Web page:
Sometimes, losers win. That's the heartbreaking thing about sports, when a known loser like Pacman Jones returns a kick for a touchdown and gets to strut across our television screens. More than heartbreaking, really. It's nauseating.
But the flip side is uplifting. Sometimes, losers lose. And when that happens, it's more than uplifting. It's delicious.
|It isn't easy to summon sympathy for Jerry Jones. (US Presswire)|
And your point?
My point: Some people deserve to lose. Some people spend 11 months and 29 days asking to lose, begging to lose. And so when that 30th day of that 12th month comes along, and Jerry Jones and Bill Belichick and Brett Favre fall absolutely onto their face ...
It's OK to rejoice. Really. This isn't cruelty.
This is justice.
Jerry Jones is the George Steinbrenner of the NFL, money-whipping everyone he can, whether it's his roster of Pro Bowl players or his overpaid offensive coordinator or the new $1.1 billion facility he erected in his own honor to pay for it all. He money-whips with no discretion, throwing money at Terrell Owens, the worst human being, non-criminal division, on the planet. He threw money at two of the worst people in the NFL, Tank Johnson and Pacman Jones. Having one of those players on your roster is a shame. Having two is a problem. Having three? Now you're being a jerk just for the hell of it.
Jones is Steinbrenner-like in another way, too. It's not enough to own the most famous team in his sport, one of the most famous teams in all of sports. No, that's not enough, so Jerry Jones, like Steinbrenner, thirsts for the spotlight. He must be seen and heard, because otherwise he would be like that tree falling in the forest, and for Jerry Jones, it is better to fail loudly than to succeed quietly.
And so this week he failed, and he failed loudly, and it is a beautiful thing. Because last week Jerry Jones, the moth that he is, was drawn to all those TV cameras when he said -- vowed -- that this coaching staff, this awkward Wade Phillips-Jason Garrett union, would return for the 2009 season no matter what.
And then, you know what? The Cowboys lost their playoff elimination game to Philadelphia, and it was bad. Really bad. It was 44-6. It was so bad, you could open your window in any time zone in this country and hear people laughing. Definitely you could have heard me laughing, because I can't be dishonest about my dislike for Jerry Jones. He's a spoiled rich kid with the nicest toy on the block, and he just dropped his toy in the mud. Now if he fires Wade Phillips, as he must, he's a liar. If he keeps Wade Phillips, as he insists he will do, he's an idiot. Either way, he loses. Which means the rest of us win.
And we win even bigger because Bill Belichick lost on the same day, albeit in a different way. Belichick's team, the New England Patriots, won their game but needed help from someone else -- the Jets -- to get into the playoffs. The Jets, coached by former Belichick aide Eric Mangini, needed to beat the Dolphins for the Patriots to win the AFC East. Mangini couldn't do it, and on Monday he paid for that failure with his job. We should all get together and get him a flower arrangement or something, because his failure meant failure for Belichick, and allowed all of us to ask a most pertinent question:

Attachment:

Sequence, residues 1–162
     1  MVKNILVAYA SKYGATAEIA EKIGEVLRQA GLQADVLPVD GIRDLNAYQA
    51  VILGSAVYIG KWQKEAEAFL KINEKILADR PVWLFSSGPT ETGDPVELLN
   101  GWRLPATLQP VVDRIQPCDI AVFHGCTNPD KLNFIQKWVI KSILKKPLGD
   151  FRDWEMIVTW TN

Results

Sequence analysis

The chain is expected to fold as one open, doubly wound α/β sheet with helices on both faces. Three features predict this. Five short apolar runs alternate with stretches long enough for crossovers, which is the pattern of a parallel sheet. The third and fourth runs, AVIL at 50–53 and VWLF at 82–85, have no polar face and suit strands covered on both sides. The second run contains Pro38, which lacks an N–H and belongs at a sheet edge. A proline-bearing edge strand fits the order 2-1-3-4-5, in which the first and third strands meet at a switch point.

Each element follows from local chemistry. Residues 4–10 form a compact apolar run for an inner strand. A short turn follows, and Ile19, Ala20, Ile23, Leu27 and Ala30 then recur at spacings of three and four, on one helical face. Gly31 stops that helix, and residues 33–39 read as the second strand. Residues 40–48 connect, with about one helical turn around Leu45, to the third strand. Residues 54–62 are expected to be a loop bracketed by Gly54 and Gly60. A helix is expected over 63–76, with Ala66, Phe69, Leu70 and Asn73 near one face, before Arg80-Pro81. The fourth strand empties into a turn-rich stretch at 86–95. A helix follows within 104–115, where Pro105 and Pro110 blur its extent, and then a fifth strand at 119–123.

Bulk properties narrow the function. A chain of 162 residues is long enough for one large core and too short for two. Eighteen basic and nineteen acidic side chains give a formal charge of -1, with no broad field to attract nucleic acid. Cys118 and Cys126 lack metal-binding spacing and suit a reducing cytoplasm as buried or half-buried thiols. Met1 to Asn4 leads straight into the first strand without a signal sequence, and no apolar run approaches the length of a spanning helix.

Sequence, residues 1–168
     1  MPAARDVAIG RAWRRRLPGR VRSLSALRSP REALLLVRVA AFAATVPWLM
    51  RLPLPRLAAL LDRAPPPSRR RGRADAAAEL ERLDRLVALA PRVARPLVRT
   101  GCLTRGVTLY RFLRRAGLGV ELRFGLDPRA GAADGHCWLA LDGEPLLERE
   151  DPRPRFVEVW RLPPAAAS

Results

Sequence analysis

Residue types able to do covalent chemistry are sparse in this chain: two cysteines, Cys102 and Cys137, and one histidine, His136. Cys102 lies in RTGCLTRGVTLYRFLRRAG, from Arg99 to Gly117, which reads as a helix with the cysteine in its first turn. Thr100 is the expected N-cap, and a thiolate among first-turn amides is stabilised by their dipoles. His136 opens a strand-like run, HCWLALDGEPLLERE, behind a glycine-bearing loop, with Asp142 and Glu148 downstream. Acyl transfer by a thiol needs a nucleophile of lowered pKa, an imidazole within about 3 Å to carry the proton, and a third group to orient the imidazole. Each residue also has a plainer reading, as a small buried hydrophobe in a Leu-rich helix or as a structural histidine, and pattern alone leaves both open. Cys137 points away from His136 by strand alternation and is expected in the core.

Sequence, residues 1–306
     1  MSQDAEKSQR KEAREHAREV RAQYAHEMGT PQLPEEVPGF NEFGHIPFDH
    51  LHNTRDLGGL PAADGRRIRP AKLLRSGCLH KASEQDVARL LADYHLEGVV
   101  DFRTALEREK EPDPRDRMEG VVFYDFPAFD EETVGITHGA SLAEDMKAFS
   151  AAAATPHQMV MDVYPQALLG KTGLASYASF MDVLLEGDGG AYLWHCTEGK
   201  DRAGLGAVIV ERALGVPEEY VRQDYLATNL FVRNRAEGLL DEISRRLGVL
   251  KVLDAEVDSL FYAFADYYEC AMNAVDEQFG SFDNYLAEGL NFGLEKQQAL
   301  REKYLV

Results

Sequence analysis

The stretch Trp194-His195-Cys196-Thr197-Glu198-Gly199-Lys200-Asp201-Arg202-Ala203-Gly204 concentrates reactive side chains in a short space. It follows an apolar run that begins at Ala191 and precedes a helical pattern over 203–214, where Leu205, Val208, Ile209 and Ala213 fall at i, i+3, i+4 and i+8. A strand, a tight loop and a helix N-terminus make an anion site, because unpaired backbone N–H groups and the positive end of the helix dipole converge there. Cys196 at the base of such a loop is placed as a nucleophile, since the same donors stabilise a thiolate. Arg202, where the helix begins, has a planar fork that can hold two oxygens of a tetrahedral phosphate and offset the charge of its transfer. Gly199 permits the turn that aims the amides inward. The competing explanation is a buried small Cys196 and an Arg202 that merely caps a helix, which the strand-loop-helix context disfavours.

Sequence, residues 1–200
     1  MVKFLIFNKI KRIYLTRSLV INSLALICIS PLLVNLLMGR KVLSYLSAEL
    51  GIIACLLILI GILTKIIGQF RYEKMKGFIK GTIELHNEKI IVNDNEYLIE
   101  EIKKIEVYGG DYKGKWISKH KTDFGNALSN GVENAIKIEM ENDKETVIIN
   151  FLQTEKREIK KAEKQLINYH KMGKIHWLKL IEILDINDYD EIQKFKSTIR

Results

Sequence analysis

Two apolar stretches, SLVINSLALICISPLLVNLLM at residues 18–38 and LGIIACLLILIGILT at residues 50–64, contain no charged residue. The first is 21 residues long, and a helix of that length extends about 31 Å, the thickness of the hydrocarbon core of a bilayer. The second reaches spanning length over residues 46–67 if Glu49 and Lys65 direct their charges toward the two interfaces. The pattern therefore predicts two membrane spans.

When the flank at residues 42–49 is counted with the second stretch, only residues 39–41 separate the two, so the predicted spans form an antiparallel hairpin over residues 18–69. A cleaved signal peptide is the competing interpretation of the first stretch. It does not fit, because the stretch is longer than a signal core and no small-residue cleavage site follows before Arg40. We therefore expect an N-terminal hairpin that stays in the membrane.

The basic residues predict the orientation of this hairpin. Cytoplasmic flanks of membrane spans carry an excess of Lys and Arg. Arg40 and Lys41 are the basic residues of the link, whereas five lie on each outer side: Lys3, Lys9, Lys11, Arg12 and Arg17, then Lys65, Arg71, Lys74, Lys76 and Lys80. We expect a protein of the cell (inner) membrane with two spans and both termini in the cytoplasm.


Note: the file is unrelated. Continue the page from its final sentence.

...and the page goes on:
What has Belichick ever accomplished, and I do mean ever, without Tom Brady?
In Cleveland he was a 36-44 bust, and in New England he has reached the postseason only when he has had a healthy Brady, perhaps the most impressive quarterback in NFL history. In seven seasons with Brady as Belichick's starter, the Patriots have reached the playoffs. In two seasons without him, they have not. That says a lot about Tom Brady. It says a little about Belichick, too. So does his brusque (OK, rude) manner with most non-blonde walks of life, and his convicted cheating in the NFL. He's not a great guy, and unless he has Tom Brady under center, it's fair to ask if he's all that great of a coach.
The Jets' failure against Miami was also an indictment -- even more than an indictment of Mangini -- of Brett Favre. Of everything Brett Favre. Of the way he waffled on his retirement. The way he manipulated his return. The way he strong-armed himself onto the Jets and, as an aside, cost Chad Pennington his job as the Jets' quarterback.
Pennington is going to the playoffs. He led the Dolphins to one of the biggest one-season turnarounds in history, and capped it by beating the Jets in their stadium. Favre? He's going where he goes every year, back to Mississippi to channel his inner Marilyn Monroe and drama-queen his way through another offseason. Maybe he'll come back. Maybe he won't. Maybe he'll see and hear his name often enough to be satisfied. Probably he won't.
Whatever the case, he went to a team that spent a fortune in the offseason to improve its weak spots, and the Jets entered 2008 as an established playoff possibility. And then Favre drove them off the cliff, throwing nine interceptions and just two touchdowns in the final five games, four of them losses.
But this is what Favre wanted. He wanted all the attention, all the pressure, all of it. And so now he has it. In the media capital of the world he completely fell apart, cost his team a spot in the playoffs and cost his coach his job.
Encore, Brett? Pretty please?